The Commodification of Justice

Lisa Rogers eqwq.lrogers at email.state.ut.us
Wed Oct 4 16:39:44 MDT 1995


I do not have to take "the commodity of justice" very literally, as
some posts seem to do, in order to see and say that the wealth of a
legal defendent makes a difference in the way one is treated by
arresting officers, the amount of media/public interest, the
"quality", fame and number of counsel, even the verdict and many
other things.

What I would really like to see on the list is a dissection of,
explanation/clarification of the particular ways in which OJ's money
is seen as affecting the trial, verdict, etc.  Such a concrete,
specific analysis might help to explain the mechanisms behind the
general observation that the rich can "buy justice."

In this particular case, I'm still wondering what is in the jury's
heads.  In any case, all the influences/factors that we could
consider do end up being filtered through the jury, and are realized
by/ embodied in the jury's vote.

I think that maybe the jury members tried to do as good and honest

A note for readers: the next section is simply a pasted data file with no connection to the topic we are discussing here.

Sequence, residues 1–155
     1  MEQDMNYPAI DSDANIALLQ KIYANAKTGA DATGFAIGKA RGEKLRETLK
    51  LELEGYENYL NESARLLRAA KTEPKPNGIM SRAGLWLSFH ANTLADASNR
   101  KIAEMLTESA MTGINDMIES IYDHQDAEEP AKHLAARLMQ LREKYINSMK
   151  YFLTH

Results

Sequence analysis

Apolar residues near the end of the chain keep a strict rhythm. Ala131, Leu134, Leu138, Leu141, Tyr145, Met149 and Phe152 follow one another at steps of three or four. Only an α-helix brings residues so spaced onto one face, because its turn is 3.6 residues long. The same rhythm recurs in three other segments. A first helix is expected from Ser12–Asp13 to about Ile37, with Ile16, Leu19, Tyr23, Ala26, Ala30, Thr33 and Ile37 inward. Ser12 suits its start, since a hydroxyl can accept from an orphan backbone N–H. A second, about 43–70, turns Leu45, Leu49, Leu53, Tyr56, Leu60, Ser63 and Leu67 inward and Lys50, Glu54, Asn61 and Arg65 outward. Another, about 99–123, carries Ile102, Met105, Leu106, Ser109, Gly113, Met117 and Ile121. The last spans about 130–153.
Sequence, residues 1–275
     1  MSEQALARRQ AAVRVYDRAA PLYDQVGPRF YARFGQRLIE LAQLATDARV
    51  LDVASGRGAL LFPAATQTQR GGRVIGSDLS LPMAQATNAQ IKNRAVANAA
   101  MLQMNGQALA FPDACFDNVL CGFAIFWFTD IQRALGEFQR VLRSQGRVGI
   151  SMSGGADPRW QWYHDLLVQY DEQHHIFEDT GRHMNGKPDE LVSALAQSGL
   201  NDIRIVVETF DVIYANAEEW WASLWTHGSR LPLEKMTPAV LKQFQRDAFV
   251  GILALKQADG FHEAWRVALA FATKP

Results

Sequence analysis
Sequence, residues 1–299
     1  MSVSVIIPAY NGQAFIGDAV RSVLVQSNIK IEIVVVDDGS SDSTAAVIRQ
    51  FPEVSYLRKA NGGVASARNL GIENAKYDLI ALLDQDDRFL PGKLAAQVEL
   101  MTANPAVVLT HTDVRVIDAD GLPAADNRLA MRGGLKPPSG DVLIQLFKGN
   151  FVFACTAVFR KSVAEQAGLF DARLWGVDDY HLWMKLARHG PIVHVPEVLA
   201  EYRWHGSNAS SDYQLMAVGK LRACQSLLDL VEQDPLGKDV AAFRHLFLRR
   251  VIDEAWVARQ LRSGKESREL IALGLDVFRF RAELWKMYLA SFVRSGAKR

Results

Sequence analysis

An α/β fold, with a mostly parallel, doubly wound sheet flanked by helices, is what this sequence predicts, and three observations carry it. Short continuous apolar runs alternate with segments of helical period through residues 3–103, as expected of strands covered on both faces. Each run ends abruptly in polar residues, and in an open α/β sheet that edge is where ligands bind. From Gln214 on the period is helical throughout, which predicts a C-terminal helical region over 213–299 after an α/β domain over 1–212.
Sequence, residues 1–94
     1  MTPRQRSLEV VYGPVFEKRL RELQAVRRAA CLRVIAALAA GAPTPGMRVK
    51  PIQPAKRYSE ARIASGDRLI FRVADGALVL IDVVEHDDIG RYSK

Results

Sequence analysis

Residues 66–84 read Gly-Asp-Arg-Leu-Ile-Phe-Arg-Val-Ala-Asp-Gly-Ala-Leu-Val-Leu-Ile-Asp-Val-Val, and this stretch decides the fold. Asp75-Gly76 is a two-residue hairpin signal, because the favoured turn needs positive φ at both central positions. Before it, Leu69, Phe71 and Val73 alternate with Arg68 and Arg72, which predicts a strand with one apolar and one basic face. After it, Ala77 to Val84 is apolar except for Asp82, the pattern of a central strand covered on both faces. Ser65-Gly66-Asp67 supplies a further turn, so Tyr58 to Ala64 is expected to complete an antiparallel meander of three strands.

job as they could.  But how much doubt is "reasonable"?  Is it
"reasonably" possible that Fuhrman and his ilk actually do frame
people?  I think it's not likely in this case.  But it may not be
reasonable from some LA residents' point of view to separate this
case and say 'no frame up' here, in spite of the wretched track
record of LAPD.  The chance that he was framed may look quite
reasonable to some reasonable people.

After other trials, I've seen jurors say 'I'm sure he did it, but
there was not solid enough evidence and credible enough witnesses to
convict.'  That may be a bit like I feel.

Lisa R



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